The most offensive thing in Bill Maher’s public debate with Ben Affleck wasn’t his characterization of radical Islam, which attempted to stick to facts, it was his assumption that liberals and only liberals should be able to offer facts in public debate without being labeled hate-mongers.
The exchange between Maher, Sam Harris, Ben Affleck and Nick Kristof barely got going before Maher said the following (video below):
Affleck: You’re saying that Islamaphobia is not a real thing? That if your critical of something…
Maher: Well it’s not a real thing when we do it.
Maher: It really isn’t.
Maher doubled down on this point in an interview he gave to Salon which was published Monday.
Salon: I want to ask you how you felt the Ben Affleck/Sam Harris segment went. Did you feel frustrated as it was happening?
Maher: Ithink Sam and I and Ayaan Hirsi Ali and Salman Rushdie and everyone whois basically making the same point, I think we all feel frustratedbecause I think we feel like the people who are arguing with us are notlistening.
We’re liberals! We’re liberals. We’re not crazytea-baggers, y’know…We are not bigoted people. On the contrary, we’re trying to stand up for the principles of liberalism!
Maher is saying that there is an intellectually honest place from which to criticize Islam but that only liberals can occupy that space. Other people–the “tea-baggers”–can not offer any intellectually honest arguments, despite being classical liberals themselves.
This is offensive and shows a stunning lack of self-awareness. Offensive because it assumes all conservatives operate on the basis of something other than reason. If Maher were the kind of honest broker he claims to be, he would have to admit that plenty of conservatives, even some Christians, agree with his take on Islam not because they hate Muslims but because there are entirely secular reasons (polls, violence, theological convictions, etc.) to do so.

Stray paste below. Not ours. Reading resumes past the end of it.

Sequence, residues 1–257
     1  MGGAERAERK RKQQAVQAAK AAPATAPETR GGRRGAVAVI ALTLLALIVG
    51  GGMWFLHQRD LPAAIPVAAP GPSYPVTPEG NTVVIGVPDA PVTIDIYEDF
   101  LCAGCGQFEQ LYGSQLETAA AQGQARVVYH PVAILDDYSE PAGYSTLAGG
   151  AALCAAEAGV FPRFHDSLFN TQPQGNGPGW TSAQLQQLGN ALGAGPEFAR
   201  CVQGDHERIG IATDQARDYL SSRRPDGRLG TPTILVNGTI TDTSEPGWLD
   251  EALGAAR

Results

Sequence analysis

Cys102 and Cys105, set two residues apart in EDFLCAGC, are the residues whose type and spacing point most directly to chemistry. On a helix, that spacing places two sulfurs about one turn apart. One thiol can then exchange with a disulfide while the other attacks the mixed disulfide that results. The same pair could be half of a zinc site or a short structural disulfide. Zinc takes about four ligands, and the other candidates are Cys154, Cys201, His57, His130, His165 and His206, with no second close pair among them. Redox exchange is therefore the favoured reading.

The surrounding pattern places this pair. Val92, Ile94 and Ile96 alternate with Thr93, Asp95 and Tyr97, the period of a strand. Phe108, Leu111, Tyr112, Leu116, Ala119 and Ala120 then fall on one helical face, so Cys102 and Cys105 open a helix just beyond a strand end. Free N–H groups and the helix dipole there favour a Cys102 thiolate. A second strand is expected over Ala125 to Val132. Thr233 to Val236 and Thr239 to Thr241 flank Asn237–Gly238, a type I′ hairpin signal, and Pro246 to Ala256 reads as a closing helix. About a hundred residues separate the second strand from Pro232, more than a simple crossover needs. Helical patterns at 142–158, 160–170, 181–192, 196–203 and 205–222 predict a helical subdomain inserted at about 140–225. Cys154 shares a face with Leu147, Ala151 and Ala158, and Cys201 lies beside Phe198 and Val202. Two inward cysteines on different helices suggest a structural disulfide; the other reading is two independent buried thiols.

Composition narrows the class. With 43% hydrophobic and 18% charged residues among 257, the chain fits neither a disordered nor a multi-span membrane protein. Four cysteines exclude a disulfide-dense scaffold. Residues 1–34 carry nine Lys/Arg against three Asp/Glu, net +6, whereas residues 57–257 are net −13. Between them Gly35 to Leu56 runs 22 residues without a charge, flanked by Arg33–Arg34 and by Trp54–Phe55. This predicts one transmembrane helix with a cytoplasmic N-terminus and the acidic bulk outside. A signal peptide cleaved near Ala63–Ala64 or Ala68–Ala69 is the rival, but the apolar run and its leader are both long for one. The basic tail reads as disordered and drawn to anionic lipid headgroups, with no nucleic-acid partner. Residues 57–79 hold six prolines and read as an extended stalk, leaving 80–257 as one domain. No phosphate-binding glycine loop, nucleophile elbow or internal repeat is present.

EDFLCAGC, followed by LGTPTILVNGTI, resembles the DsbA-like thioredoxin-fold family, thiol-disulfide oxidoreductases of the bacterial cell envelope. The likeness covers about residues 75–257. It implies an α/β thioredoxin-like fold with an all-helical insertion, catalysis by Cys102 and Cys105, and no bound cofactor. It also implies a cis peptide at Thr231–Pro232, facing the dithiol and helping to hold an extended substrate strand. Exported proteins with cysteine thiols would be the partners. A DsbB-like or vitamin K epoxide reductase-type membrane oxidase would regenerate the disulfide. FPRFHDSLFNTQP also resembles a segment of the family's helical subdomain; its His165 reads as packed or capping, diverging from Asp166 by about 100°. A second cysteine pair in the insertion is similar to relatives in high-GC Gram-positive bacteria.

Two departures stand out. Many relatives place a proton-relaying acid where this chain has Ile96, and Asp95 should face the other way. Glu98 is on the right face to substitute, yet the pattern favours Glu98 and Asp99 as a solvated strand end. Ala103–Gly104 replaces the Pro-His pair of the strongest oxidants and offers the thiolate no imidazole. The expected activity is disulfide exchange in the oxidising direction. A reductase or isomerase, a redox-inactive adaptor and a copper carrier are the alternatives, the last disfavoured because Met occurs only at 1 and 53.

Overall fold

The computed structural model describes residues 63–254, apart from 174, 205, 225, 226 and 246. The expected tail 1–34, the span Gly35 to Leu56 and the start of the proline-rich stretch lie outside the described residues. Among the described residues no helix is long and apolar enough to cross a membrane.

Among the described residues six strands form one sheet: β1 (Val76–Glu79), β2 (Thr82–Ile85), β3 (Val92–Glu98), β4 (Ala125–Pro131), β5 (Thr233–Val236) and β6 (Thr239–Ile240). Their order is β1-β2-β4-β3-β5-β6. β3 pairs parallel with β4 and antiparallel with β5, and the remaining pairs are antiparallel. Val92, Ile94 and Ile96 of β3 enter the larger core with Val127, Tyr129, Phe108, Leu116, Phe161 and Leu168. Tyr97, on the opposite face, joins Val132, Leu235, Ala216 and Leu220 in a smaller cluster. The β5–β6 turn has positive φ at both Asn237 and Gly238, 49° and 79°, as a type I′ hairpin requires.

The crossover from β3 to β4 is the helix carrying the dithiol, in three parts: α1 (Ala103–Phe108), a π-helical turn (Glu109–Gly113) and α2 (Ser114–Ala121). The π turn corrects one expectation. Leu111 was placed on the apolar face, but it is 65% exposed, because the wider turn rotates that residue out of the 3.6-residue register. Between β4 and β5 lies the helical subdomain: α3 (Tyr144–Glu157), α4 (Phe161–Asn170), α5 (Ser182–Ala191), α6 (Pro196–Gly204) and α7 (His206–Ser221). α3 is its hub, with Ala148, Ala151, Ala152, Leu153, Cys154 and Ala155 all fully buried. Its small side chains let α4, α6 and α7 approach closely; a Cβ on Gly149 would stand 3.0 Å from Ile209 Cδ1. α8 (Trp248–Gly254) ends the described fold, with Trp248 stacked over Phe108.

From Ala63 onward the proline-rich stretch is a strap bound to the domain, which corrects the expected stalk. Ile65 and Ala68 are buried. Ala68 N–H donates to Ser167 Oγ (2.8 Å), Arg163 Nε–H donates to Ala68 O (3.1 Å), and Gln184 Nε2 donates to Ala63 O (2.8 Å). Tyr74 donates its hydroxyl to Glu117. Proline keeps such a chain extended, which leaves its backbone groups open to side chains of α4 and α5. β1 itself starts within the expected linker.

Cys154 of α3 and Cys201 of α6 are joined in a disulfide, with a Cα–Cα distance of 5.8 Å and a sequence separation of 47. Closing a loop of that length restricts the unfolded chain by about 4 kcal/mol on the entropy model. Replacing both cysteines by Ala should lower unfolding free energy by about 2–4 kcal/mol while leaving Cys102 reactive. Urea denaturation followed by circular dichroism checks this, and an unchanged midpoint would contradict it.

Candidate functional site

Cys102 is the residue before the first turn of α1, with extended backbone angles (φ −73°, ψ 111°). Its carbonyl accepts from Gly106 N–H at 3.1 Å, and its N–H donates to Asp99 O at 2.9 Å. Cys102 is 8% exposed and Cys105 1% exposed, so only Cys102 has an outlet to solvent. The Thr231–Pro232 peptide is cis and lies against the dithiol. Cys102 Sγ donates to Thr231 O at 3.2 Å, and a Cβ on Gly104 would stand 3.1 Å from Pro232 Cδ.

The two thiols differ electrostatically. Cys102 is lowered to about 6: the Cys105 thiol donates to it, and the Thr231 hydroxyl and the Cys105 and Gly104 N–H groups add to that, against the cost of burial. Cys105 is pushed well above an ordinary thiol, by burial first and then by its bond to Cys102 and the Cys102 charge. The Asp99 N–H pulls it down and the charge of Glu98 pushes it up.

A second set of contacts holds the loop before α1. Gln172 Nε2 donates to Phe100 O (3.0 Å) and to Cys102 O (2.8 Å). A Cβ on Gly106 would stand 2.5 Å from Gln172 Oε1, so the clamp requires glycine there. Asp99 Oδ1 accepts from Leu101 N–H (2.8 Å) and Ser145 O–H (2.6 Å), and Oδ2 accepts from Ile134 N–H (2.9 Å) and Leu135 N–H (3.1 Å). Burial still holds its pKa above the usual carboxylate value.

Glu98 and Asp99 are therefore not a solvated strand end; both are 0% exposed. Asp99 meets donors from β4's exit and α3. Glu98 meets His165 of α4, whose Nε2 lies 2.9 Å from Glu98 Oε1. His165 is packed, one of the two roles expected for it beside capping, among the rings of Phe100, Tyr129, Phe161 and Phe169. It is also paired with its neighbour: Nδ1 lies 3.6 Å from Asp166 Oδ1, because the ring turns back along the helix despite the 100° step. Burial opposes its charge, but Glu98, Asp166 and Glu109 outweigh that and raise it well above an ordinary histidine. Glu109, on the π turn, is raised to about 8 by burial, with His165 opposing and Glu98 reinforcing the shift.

Maher’s take also shows a complete lack of self-awareness. Having just experienced an angry, irrational reaction, he ought to be more aware of how faulty knee-jerk reactions can be. He should know, from Affleck’s reaction alone, that the quality of an argument can quickly be lost the moment someone across the table decides to inject race. Instead Maher merely attempts to shift the burden to someone else, i.e. “it’s not a real thing when we do it.”
Maher makes exactly this point in his Salon interview, “we’re just saying we need to identify illiberalism wherever we find itin the world, and not forgive it because it comes from [a group] peopleperceive as a minority.” Yes, and there are many conservatives who make these same points for the same reason but who are tuned on by progressives making the same misleading arguments offered by Ben Affleck.